Morris also talks about his biological weapons project and dramatic feature with Ira Glass.

Celebrated US documentary film-maker Errol Morris is being sued by Joyce McKinney, the ex-beauty queen subject of his recent film Tabloid (released in the UK later this week by Dogwoof).

Morris, currently in London, was served with legal papers during a screening of Tabloid in the UK last week.

The film tells the story of Joyce McKinney, the young-ex-model with the very high IQ who, back in the 1970s, kidnapped the Mormon priest she loved. In the process, she became the target of the British tabloid press.
Speaking to ScreenDaily on Monday, Morris didn’t seem unduly worried by McKinney’s surprise legal action against him.
“I’ve been told not to speak about it but I can say a couple of things,” Morris told Screen. “Joyce McKinney has been litigious over the years. I am not the first person to be sued by her and probably will not be the last.”
The director said that, in Tabloid, he had tried to create a “respectful” portrait of McKinney.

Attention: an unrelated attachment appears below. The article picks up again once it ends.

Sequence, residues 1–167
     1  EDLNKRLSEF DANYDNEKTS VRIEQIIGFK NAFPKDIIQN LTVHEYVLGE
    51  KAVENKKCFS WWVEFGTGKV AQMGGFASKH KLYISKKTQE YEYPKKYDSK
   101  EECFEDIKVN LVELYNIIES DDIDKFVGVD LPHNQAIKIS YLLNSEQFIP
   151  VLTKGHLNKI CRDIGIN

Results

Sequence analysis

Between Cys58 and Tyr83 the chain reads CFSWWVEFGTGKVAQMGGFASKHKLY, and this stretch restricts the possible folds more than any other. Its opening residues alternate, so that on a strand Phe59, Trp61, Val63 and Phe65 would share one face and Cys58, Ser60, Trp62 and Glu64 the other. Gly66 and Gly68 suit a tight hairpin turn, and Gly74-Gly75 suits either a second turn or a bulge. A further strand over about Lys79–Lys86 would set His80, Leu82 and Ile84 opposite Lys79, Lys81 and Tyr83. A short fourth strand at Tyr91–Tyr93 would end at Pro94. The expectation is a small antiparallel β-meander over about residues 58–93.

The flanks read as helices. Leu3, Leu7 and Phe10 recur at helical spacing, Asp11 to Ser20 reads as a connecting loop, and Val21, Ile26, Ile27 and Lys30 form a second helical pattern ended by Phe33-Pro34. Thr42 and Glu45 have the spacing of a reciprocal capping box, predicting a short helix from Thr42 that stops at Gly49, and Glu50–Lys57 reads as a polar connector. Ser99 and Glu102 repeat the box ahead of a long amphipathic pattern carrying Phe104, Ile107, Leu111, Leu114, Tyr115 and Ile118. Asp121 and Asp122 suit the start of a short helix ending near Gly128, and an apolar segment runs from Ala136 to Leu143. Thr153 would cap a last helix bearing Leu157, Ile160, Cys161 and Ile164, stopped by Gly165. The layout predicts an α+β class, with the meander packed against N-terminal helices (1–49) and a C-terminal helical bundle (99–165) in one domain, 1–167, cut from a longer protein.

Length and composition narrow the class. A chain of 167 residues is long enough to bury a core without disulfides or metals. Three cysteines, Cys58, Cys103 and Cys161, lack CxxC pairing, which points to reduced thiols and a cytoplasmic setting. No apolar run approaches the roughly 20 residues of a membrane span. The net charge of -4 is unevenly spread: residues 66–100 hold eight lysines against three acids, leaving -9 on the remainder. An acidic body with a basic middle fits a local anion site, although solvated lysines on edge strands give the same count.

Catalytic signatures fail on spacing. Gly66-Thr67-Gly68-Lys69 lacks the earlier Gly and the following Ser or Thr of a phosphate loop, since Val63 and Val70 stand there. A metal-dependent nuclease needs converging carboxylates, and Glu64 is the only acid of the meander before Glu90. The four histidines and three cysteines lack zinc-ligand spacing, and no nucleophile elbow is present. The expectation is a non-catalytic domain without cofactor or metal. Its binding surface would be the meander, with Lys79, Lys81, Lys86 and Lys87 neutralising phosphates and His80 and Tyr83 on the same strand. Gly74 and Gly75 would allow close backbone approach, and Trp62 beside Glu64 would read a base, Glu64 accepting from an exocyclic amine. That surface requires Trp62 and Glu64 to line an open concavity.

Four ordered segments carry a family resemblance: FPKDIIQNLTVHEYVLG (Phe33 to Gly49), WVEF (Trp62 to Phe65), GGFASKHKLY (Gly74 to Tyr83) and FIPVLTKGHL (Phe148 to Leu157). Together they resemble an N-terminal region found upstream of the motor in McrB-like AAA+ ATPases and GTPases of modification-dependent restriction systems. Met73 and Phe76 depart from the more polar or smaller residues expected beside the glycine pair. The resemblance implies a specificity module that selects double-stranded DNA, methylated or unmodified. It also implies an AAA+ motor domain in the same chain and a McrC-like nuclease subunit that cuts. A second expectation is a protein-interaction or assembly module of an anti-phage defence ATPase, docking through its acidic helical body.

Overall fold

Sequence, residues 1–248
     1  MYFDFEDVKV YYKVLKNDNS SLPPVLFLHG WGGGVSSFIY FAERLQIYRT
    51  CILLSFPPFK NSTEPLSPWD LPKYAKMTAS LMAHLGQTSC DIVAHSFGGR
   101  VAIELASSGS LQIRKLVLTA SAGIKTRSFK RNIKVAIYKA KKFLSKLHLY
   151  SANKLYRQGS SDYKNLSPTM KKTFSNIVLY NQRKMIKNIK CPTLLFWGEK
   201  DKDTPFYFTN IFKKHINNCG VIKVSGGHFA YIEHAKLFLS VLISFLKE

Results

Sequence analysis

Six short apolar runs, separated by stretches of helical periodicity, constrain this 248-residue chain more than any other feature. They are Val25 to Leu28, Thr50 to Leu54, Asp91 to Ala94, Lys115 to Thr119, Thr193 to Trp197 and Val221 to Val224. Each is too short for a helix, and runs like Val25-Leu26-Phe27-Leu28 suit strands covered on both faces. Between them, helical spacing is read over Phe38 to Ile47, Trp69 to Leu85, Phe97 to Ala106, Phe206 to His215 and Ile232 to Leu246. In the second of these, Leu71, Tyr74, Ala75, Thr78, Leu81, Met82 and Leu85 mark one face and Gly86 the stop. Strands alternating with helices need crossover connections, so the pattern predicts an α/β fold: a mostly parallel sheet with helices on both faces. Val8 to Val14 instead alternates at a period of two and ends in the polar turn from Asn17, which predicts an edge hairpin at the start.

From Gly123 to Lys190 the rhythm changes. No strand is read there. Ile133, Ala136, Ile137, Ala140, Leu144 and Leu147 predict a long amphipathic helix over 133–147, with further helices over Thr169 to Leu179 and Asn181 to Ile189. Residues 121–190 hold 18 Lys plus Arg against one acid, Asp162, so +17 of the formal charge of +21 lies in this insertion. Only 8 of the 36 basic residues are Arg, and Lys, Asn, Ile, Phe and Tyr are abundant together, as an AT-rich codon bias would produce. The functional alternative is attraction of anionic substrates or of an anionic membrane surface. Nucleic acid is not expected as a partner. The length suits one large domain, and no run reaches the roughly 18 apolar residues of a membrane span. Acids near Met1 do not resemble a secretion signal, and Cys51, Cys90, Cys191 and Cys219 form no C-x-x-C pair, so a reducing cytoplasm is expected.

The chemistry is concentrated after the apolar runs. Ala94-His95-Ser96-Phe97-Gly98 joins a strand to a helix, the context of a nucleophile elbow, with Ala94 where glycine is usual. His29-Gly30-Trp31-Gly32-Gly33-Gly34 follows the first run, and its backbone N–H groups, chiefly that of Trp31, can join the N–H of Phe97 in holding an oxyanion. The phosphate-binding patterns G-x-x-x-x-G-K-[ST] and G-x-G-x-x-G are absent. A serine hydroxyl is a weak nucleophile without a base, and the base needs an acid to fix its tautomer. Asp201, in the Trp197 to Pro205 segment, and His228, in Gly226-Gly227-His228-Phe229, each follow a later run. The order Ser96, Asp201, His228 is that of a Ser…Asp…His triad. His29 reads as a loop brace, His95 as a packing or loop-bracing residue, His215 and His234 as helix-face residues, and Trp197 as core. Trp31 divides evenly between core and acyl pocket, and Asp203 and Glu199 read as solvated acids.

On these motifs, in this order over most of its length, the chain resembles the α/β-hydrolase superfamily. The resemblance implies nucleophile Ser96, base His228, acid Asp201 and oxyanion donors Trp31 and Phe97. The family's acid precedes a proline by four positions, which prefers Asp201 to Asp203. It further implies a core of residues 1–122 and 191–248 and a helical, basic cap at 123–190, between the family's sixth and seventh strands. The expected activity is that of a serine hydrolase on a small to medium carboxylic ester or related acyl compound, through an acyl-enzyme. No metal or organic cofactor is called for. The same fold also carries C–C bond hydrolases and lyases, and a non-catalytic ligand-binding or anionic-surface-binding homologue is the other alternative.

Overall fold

“The allegations, if I understand them correctly, that I have defamed her I just believe is completely untrue.”
Morris said that the ongoing legal spat should have no effect on the UK release. He pointed out that Tabloid has already shown widely on the festival circuit and has also been in distribution in the US since last summer. He also remarked that McKinney has appeared at various festivals where Tabloid showed.
“In at least two instances, she appeared with me at screenings – in fact, three screenings I can think of,” Morris said. “I can’t tell you what her underlying motivation might be. I don’t know.”
Asked what he felt about McKinney, Morris responded: “I like her. I’ve always liked her. I feel I have created a very respectful portrait of Joyce…a fond – and I would go so far as to say – loving portrait of Joyce.”
Morris also revealed further details of his forthcoming film projects.
One documentary he has already been shooting (with support from Jeff Skoll’s Participant) is an adaptation of Richard Preston’s book, The Demon In The Freezer. He describes this as a “hybrid” film that will include interviews and dramatic scenes.
The book is about the development of biological weapons, in particular smallpox and anthrax. Preston is working with Morris on the film which, he says, has material “among the best I’ve ever shot.”
Another new project will be a full blown dramatic feature film which Morris will be making in collaboration with US radio personality, Ira Glass. This is a film based on an episode of Glass’s celebrated NPR radio documentary show This American Life. Christopher Walken, Paul Rudd and Kristen Wiig are attached to the project. “It was developed at Mandate and now we are looking for additional financing,” Morris said.